Touro Trained Us to Listen and Lead
From Advocating for her Profession to Saving Lives on 9/11, PA Maryann Ramos Embodies Touro’s Values and the PA Spirit
I was in the first class, in the inaugural class. That's 50 years ago now. And it was Touro College Physician Assistant program in Brooklyn, associated with the Kingsbrook Jewish Medical Center. We were in a little house right next to Kingsbrook Jewish Medical Center that was set up just for our 20-member class. It was really exciting to learn medicine from active clinical physicians, and to see how we, as physician assistants, could fit in to the medical delivery system.
Touro was a wonderful place. The physicians that they chose to teach us were so focused on their knowledge and transfer of all that knowledge to us without hurdles-- that it was as if they were teaching medical students. Touro did give us, I think, a very broad education. And it gave us the true feeling that once we got on the floor or into a private practice, we could help with the team.
I learned the basics at Touro, and then I did so many things. I was the first PA in two 1,100-bed hospitals. I started at the Brooklyn VA, and I was in pulmonary medicine and tuberculosis unit.
I was ENT head and neck up in Valhalla. The special moments that I thought were so important for me as a physician assistant were I was in the Pentagon clinic for nine years. I got the Civilian Superior Performance Medal, given by a three-star general. And it was because I helped on 9/11.
This is Maryann Ramos. I'm with a group that is looking to change some legislation in the state of Connecticut. The driving force for me to get into legislation was so that we could try and have equity in payment, and perhaps respect for our education and our actual treatment of the patient.
What I'm most proud of in my career is that I was able to make a difference. I want my patients to view me as a good provider of preventive and curative medicine, and somebody that would listen to them. Starting with Touro, they train the PA to listen to the patient. I think Touro deserves the tip of the hat being one of the first in New York City to have a PA program, and a vibrant one that is continuing to this day. So I'm just thrilled to be part of any celebration that celebrates Touro's 50th.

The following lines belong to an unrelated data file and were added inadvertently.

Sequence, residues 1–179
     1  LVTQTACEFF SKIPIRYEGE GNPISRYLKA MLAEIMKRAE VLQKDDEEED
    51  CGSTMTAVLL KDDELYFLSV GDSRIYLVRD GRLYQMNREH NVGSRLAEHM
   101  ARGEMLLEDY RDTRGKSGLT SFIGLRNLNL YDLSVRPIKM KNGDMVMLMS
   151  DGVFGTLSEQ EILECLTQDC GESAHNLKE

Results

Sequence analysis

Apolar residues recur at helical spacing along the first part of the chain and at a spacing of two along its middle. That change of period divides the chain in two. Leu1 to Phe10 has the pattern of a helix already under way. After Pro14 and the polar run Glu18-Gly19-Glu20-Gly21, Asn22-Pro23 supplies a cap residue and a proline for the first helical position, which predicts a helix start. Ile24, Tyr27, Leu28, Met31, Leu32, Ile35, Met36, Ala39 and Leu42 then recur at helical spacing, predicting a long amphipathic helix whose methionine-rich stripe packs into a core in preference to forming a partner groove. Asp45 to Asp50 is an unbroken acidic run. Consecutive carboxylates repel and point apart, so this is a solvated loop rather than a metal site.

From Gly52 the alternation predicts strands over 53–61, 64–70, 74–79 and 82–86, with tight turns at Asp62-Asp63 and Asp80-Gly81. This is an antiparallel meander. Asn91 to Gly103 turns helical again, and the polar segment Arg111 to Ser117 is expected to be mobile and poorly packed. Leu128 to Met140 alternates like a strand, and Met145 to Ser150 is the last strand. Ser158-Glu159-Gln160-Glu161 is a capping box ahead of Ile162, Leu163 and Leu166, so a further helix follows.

On one of America’s darkest days, a Touro-trained PA was there to help the wounded and save the injured. 9/11 began as an ordinary day for physician assistant Maryann Ramos. A member of the Pentagon’s civilian workforce, she began seeing patients at seven-thirty on the morning of September 11. After several appointments, someone called her over to look at the television. Together, she and her coworkers watched in horror as a plane hit the Twin Towers. Then she heard a thud.
“When we walked out, I could see the smoke coming from the opposite end of the Pentagon across from us,” Ramos told the Greenwich Time paper. “It was big, black smoke that was gray on the outside. I didn’t know at first it was another plane. I thought it had been a bomb.”
While still in civilian clothing, she convinced officers to let her in to a cordoned off area and quickly went to work setting up triage services where she treated patients until she was relieved at six in the evening. Unique and terrifying as the day was, for Ramos it was a continuation of the work that began when she enrolled as a student in Touro’s first physician assistant class in 1972.
How Her Medical Career Began
Ramos always nurtured an interest in medicine but as a woman in the early seventies, her choices were limited. When she was a student in Fordham University, she made a deal with a fellow student, the man who eventually became her husband. “We talked about our professions,” said Ramos. “I would help him become a psychologist, get his PhD, and then he would help me become a physician.”
When Maryann met with the dean at Rutgers’ medical school, he told her she was too old to start medical school, and a mother. “It was 1969,” Maryann laughs. When a friend told her about Touro’s nascent PA program, Ramos saw her opportunity to enter the medical field and quickly applied.
“Touro was a wonderful place,” recalled Ramos. “They made sure that the physicians teaching us came from different subspecialties of medicine. Touro gave us a very broad education and it gave the true feeling that once we got on a floor or into a private practice, we could help with the team…we were going to be a positive asset. And I think that is still true today.”
The program was an intense one, made even more difficult by Ramos’s hour-and-a-half commute each way and her caregiving responsibilities with her husband for their two children. But she recalls the time fondly.
“It was exciting to learn medicine from active clinicians and to see how we as physician assistants could fit into the medical delivery system,” said Ramos. “The physicians that they chose to teach us were so focused on their knowledge and the transfer of that knowledge to us without hurdles. It was as if they were teaching medical students.”
After graduating, Ramos quickly found a position as the first PA in an 1100 bed VA hospital, both a testament to her abilities and the need for the brand-new addition to the medical practice. Functioning as the first member of a new profession was daunting, but Ramos dazzled. “Since I was the first PA in the hospital, I was representing the profession,” she recalled “I had to be the person that I wanted a good PA to be.”